Betsy was often told that she looked like her sister-in-law Pauline Bonaparte, shown above in one of her revealing gowns. Pauline, however, had a much more scandalous reputation than Betsy.
As a young woman, Pauline fell in love with Louis-Marie Stanislas Fréron, the proconsul of Marseille, but her mother objected to the match. Napoleon then married off his fifteen-year-old sister to one of his officers, General Charles Leclerc. However, Pauline couldn’t be happy with any man for long. She had a voracious sexual appetite (a trait that several of the Bonapartes shared). While she and LeClerc were stationed in Saint-Dominque, she took several lovers—despite the fact that she was plagued with illness. Pauline had an exasperating personality: arrogant, willful, capricious, narcissistic, and promiscuous.
After LeClerc died of yellow fever, Pauline returned to France. Defying Napoleon’s opinion about the proper mourning period, she married again within a year to Prince Camilo Borghese. They lived in Italy. Pauline quickly grew bored with him and continued behaving as riotously as before. They say that one of her lovers was the violinist Paganini. Other rumors say that she suffered from sexually transmitted diseases. While in Italy, Pauline posed semi-nude for the sculptor Canova, who created a famous statue of Pauline as a reclining Venus.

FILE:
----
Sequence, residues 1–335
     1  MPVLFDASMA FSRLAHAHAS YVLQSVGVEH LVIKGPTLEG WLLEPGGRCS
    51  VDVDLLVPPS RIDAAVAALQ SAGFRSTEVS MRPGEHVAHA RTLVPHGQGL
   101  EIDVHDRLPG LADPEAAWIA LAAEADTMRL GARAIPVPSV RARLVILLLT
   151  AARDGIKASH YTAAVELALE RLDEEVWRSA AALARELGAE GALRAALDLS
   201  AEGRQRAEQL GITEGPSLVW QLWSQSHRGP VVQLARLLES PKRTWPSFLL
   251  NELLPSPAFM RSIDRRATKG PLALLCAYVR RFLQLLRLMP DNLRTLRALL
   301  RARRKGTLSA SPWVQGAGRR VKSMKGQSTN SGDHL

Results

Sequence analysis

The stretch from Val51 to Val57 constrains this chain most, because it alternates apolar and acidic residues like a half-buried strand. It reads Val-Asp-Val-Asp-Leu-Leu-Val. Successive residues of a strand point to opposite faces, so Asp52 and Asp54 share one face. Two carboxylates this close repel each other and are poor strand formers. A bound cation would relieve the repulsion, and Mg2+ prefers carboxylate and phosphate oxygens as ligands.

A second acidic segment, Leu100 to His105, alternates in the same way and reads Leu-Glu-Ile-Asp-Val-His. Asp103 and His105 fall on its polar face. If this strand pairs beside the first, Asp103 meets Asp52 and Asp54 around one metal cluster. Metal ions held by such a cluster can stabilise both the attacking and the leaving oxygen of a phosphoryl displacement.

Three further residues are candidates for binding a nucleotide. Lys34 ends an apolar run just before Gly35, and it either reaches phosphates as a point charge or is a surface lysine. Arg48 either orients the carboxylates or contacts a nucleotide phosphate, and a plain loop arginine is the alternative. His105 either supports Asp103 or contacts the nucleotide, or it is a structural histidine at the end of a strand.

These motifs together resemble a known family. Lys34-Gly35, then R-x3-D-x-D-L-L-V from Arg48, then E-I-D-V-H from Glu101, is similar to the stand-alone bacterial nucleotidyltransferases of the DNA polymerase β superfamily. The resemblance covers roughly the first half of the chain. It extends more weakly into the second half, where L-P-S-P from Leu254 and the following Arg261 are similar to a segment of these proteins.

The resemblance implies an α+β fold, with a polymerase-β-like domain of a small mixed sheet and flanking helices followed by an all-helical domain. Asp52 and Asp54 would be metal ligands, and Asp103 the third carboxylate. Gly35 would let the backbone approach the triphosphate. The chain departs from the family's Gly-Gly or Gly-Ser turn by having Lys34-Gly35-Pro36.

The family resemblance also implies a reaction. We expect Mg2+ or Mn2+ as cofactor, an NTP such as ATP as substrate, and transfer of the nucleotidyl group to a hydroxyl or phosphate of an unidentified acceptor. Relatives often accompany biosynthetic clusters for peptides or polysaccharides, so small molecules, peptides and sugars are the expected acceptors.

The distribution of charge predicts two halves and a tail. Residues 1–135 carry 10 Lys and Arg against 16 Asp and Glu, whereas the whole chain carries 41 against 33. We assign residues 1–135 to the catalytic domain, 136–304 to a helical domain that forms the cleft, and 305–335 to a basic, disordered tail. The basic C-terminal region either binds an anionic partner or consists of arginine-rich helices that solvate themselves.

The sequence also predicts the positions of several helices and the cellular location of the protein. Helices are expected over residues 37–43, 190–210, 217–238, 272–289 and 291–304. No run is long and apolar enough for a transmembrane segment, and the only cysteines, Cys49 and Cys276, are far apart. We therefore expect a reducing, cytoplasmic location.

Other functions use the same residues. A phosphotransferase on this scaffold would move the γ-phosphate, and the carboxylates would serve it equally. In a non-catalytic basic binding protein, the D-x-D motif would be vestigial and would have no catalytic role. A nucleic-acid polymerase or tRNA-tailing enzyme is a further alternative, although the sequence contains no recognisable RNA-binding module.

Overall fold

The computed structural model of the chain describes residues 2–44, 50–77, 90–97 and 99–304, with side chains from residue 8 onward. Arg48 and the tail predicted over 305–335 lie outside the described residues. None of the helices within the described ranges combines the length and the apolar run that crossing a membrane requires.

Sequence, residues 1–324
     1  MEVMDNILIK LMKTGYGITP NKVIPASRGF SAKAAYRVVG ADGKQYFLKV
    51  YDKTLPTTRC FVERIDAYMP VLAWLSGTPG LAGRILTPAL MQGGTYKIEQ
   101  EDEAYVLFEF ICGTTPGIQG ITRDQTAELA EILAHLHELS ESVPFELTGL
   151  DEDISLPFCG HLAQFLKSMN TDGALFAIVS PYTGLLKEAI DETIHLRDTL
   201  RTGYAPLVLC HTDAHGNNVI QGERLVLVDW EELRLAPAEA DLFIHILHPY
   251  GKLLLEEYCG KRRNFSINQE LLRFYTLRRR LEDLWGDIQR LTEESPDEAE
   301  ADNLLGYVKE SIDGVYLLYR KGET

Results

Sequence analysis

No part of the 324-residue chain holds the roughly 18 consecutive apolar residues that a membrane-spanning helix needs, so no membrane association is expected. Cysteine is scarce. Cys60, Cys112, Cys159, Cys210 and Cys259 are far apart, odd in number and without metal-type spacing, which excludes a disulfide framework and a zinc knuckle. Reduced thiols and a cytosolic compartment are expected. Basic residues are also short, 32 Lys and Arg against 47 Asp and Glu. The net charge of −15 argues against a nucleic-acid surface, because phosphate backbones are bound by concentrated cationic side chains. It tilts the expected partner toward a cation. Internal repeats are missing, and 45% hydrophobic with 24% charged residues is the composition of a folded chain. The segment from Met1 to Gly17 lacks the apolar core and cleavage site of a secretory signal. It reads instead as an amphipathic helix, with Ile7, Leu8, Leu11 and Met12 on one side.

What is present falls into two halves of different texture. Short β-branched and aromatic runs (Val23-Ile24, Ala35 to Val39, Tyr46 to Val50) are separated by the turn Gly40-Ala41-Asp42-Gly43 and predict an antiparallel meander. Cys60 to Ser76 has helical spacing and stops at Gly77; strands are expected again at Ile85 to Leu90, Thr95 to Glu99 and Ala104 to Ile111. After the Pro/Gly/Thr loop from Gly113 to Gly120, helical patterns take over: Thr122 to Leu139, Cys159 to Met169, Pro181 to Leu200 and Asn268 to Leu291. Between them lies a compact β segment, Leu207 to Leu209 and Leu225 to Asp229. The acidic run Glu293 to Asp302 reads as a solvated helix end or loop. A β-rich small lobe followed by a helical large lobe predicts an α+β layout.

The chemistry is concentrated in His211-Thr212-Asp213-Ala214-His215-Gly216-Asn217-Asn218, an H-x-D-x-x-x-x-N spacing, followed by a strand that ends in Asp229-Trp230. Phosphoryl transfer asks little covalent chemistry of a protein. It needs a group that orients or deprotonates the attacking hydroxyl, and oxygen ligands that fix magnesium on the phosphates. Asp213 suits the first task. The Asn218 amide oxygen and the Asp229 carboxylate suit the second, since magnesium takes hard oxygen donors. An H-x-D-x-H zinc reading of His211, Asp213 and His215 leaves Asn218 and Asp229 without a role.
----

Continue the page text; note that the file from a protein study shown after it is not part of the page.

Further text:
Pauline had only one child, a boy named Dermide, fathered by her first husband. Dermide died when he was six, and Pauline—true to her volatile nature—kept promising to make various nephews her heir and then changing her mind and rescinding the offers. In one area of her life, however, she did remain loyal. She stood by her brother Napoleon and was the only one of his siblings to visit him in his first exile on Elba.
Cancer was the scourge of the Bonaparte family, and Pauline was no exception. She died of the disease at the age of 44.